We are all responsible for kids doing drugs at school

The NZ Herald really loves sticking it to brown kids. Whether it’s hysterical coverage of Polyfest, or more recently, a couple of kids smoking weed at school (why embed the video, you scummy clickbait vultures?) our nation’s biggest publication seems to revel in the tragic consequences of social inequality.

These stories are always framed in a way that implies culpability on the part of the school. “This does not reflect the school’s principles,” SCC Principal Robin Staples asserted in response to the video showing students smoking, defending the implicit accusation that it was somehow his fault that students decided to bring weed to school. “…they’ll be suspended and have to report to the board of trustees”, he continued, espousing the ‘tough on drugs’ stance that schools are forced into, despite research showing this is the exact opposite of how we should be treating young drug users.

Here’s the thing: if young brown kids from south Auckland are bringing drugs to school, the culpability stretches far beyond their school. In fact, schools are doing their darnedest every day of the week to support these young people to engage in education. The responsibility for this tragedy lies with all of us. It is a direct result of the type of society we’ve been complicit in creating, where kids on one side of the bridge order too much UberEats for lunch, and kids on the other side go to school cold, hungry, and desperate. It’s completely messed up, it’s completely our fault, and if  we don’t do something about it, the consequences for all of us are only going to get worse.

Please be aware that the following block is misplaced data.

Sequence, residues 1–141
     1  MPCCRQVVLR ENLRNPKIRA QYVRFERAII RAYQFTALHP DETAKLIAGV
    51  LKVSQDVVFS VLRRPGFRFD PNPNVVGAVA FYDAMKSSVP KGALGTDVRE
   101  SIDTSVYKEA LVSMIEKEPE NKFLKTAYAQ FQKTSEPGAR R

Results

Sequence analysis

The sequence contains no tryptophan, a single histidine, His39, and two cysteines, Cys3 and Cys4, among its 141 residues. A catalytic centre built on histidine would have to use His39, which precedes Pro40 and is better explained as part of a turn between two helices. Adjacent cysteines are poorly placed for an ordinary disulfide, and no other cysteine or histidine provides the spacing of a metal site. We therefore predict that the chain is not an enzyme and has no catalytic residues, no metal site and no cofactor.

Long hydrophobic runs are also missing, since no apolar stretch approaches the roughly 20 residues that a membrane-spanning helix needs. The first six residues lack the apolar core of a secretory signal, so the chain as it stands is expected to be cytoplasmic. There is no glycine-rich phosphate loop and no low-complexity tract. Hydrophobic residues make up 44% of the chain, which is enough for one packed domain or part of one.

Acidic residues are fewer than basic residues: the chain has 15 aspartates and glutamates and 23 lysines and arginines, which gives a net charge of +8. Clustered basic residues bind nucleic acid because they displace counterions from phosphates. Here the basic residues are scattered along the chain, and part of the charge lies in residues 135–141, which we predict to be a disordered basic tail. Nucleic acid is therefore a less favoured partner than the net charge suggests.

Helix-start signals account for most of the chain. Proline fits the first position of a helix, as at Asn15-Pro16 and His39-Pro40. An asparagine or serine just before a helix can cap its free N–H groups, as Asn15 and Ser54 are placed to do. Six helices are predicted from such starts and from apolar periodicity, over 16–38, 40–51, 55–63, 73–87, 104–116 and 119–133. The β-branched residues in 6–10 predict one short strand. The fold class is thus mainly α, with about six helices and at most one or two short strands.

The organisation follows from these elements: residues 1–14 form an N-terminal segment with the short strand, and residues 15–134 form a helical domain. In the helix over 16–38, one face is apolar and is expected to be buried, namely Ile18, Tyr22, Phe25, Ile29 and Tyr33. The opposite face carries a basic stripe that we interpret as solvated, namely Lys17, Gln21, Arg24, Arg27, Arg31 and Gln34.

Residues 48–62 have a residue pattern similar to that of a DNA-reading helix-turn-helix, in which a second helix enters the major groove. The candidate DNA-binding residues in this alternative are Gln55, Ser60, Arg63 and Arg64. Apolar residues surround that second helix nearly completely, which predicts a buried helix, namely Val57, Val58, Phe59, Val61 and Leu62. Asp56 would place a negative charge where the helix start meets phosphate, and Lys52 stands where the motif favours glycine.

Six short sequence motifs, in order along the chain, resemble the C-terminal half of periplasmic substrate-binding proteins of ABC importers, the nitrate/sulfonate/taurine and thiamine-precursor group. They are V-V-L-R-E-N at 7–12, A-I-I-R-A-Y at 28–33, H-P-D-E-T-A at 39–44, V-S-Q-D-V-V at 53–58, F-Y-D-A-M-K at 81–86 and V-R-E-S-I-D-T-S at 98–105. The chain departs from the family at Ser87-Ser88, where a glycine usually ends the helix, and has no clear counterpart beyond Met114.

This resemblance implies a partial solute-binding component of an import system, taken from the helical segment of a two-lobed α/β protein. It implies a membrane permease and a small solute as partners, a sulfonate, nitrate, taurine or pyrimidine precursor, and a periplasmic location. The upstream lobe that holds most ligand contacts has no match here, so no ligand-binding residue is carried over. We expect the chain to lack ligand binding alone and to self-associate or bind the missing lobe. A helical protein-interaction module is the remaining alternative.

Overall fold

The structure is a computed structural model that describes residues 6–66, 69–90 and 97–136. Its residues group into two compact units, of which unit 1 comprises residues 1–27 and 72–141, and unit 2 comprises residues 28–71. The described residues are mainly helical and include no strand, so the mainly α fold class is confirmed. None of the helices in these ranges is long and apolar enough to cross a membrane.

We know that increased inequality leads to, among other things:

  • A lack of trust between people
  • An increase in crime
  • Poorer health outcomes
  • Poorer educational outcomes
  • Lower home ownership and exploitative rental practices
  • Political power concentrated in a rich ruling class

Gross! All of it! Let’s fix this shit, Auckland, and stop blaming teachers and schools. They’re just mopping up our mess.

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